Over time, prolonged high blood sugar levels can damage nerves, a condition called diabetic neuropathy. This can lead to numbness in the fingers, hands, toes, and feet or tingling, burning or shooting pains that usually begin at the fingers or toes and spreads upwards. Symptoms of this nerve damage can also include vomiting, diarrhea, or constipation, problems with sexual function, dizziness, and other symptoms.
Chronic kidney disease, a serious complication of type 2 diabetes, is also a problem in Prediabetes. The kidneys are important to filter blood. Over time, the increased levels of sugar in the blood can damage them so they no longer work effectively, requiring either dialysis or a transplant.
Damage to the blood vessels in the eye from increased levels of insulin can eventually lead to blindness and may increase the risk of cataracts and glaucoma.
Dementia and Cognitive Impairment
Those with Prediabetes have a dramatically increased risk of pre-dementia or mild cognitive impairment. You can think of it as an early form of Alzheimer’s.
Sleep-disordered breathing has also been associated with Prediabetes.
Prediabetes can cause impotence in men and infertility in women.
In the end, what can I do about it?
Heed the wake-up call
There’s still time to take action.
You can reverse Prediabetes and help prevent type 2 diabetes. Making changes now can reverse the damage that has been done to your body. But don’t wait. The sooner you begin, the sooner your health will return to a more normal state.
Discover what's driving you
To make lasting change successfully, it’s important to know why YOU want to change. Making a change because your spouse/partner wants you to, or because the doctor told you to seldom works for the long term.
In order for change to be permanent, you need to understand why you want to change. What is driving you to embark on, and stay on, the journey of change? Simon Sinek refers to this in his book as finding your Why–the purpose, cause or belief that energizes your desired outcome (6).
Margie Warrell wrote that, "a clear sense of purpose enables you to focus your efforts on what matters most, compelling you to take risks and push forward regardless of the odds or obstacles." (8)
No one can make the changes you need to make for yourself. And to do that, it’s vital you decide why change is important to you.
Everyone says they want to live a long and healthy life, but why do you?
Perhaps you want to see your children graduate or get married. Or maybe you want to hold your grandchild in your arms, or even see him or her graduate or get married. Maybe you want to spend your retirement traveling the world. Or maybe, like me, you just want to live actively and healthfully to 110.
Whatever the reason for making the change now to a healthy, disease free life, it must come from you. It must be your decision. Your WHY.
Make some changes
Prediabetes: Treat it as an opportunity for a lifestyle reset. Here are some suggestions:
- Start today eating a healthy diet.
- Find an activity you enjoy that you can do every day.
- Get your family and friends involved in your new lifestyle.
- Reduce or better manage your stress.
- Get 6-8 hours of sleep each day.
I know you’ve heard all this before… perhaps many times before. So maybe it’s true. Maybe it’s time to pay attention to what you’re being told.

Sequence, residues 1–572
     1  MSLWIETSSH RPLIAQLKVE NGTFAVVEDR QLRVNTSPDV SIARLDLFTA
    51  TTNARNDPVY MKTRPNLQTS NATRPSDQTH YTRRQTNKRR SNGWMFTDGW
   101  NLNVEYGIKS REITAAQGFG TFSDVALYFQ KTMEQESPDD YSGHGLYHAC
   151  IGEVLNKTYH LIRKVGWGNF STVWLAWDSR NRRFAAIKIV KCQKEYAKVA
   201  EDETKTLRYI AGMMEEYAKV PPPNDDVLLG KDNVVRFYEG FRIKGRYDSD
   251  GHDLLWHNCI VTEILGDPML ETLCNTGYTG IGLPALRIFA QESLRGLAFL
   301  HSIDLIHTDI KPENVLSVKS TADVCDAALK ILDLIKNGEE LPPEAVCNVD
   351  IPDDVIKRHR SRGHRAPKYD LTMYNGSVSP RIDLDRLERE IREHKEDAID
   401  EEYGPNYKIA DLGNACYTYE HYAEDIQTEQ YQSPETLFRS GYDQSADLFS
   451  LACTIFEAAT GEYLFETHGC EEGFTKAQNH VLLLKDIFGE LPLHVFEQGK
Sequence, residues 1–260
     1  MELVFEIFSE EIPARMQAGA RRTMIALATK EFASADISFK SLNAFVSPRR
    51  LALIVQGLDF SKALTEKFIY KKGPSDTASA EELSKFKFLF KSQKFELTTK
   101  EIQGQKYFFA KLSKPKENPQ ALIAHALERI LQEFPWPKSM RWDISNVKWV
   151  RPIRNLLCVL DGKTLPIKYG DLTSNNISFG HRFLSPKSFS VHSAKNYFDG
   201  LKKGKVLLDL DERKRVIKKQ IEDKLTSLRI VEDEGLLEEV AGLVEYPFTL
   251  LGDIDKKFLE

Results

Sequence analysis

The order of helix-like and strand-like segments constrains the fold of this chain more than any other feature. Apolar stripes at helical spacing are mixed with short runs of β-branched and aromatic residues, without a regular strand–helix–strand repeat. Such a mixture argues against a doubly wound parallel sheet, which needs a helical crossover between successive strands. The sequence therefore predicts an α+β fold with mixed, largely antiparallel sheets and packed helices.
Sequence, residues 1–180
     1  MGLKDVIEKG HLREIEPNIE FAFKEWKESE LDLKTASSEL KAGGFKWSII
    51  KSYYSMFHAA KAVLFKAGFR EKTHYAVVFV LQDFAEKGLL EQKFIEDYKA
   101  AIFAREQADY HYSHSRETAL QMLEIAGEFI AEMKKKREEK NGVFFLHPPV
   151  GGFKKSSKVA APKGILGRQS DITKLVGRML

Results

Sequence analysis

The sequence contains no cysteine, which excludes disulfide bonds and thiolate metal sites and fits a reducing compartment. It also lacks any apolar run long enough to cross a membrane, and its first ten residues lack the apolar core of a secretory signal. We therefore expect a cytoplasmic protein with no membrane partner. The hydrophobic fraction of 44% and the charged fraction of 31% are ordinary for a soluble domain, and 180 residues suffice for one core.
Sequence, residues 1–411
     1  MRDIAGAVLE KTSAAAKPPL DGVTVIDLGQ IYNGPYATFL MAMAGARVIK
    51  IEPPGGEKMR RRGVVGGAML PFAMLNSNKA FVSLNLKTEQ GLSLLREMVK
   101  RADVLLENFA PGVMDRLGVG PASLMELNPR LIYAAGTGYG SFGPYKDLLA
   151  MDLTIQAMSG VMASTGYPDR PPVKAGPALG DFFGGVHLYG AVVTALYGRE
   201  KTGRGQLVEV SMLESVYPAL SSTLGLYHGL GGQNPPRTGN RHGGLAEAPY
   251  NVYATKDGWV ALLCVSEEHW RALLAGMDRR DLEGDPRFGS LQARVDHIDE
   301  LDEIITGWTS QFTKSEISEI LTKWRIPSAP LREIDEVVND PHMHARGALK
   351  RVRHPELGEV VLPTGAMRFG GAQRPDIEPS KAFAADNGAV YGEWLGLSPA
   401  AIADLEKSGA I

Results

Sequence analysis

It’s not all bad news
The changes listed above are simple. They may not be easy, but they are simple.
By now I'm sure you realize that diabetes is a serious disease. I also hope you see the diagnosis of Prediabetes as a wake up call to take control of your life and your health. A few simple lifestyle changes can help you do that. With a strong reason to change and perhaps some help, you can drastically improve your chances of living a long and healthy life. There's still time, but you need to start now!
Over to You
I hope that this post has helped you to understand that Prediabetes is a real thing with real implications and serious consequences. I also hope that these articles inspire you to take action now to learn more if you have been diagnosed or to be tested to see if you are one of the 84 million undiagnosed people.
As always, I'd love to know what you think of the information presented here. Let me know by joining the conversation below or in our private Facebook group, Prediabetes and Beyond.
In the final article in this 3-part series, we’ll focus in much greater detail on what you can do about Prediabetes and ways to prevent type 2 diabetes.
1 - American Heart Association. (2018, June 18). Complications to Avoid with Pre-diabetes [Web log post]. Retrieved from https://www.heart.org/HEARTORG/Conditions/More/Diabetes/AboutDiabetes/Complications-to-Avoid-with-Pre-diabetes_UCM_461506_Article.jsp
2 - Hess-Fischl, A. (2017, April). What is insulin? Retrieved June, 2018, from https://www.endocrineweb.com/conditions/type-1-diabetes/what-insulin
3 - Hyman, M. (2015). The blood sugar solution 10-day detox diet cookbook: More than 150 recipes to help you lose weight and stay healthy for life(First edition.). New York: Little, Brown and Company.
4 - Larson, K. (2018, June 02). Prediabetes: Treat it as an alarm for a lifestyle reset. Retrieved June/July, 2018, from https://www.heraldnet.com/life/prediabetes-treat-it-as-an-alarm-for-a-lifestyle-reset/
5 - Liu, H., Cao, Y., Li, S., Guo, Y., Zhu, C., Wu, N., . . . Li, J. (2018). Impacts of prediabetes mellitus alone or plus hypertension on the coronary severity and cardiovascular outcomes novelty and significance. Hypertension,71(6), 1039-1046. doi:10.1161/hypertensionaha.118.11063
6 - Sinek, S. (2009). Start with why: How great leaders inspire everyone to take action. New York, N.Y.: Portfolio.
7 - Tabák, A. G., Herder, C., Rathmann, W., Brunner, E. J., & Kivimäki, M. (2012). Prediabetes: A high-risk state for developing diabetes. Lancet,379(9833), 2279–2290. http://doi.org/10.1016/S0140-6736(12)60283-9
8 - Warrell, M. (2014, April 17). Do you know your "Why?" 4 questions to find your purpose. Retrieved from https://www.forbes.com/sites/margiewarrell/2013/10/30/know-your-why-4-questions-to-tap-the-power-of-purpose/#24c8e98873ad
9 - Stop Diabetes: Myths and Facts. (2018). Retrieved from http://www.stopdiabetes.com/get-the-facts/myths-and-facts.html
still have questions?
A diagnosis of Prediabetes can be scary and confusing.
But it doesn't have to be!
Get the answers you seek to the most frequently asked questions about Prediabetes . . .
The 6 Questions You Should Ask When Diagnosed With Prediabetes
This report will help you:
and much more.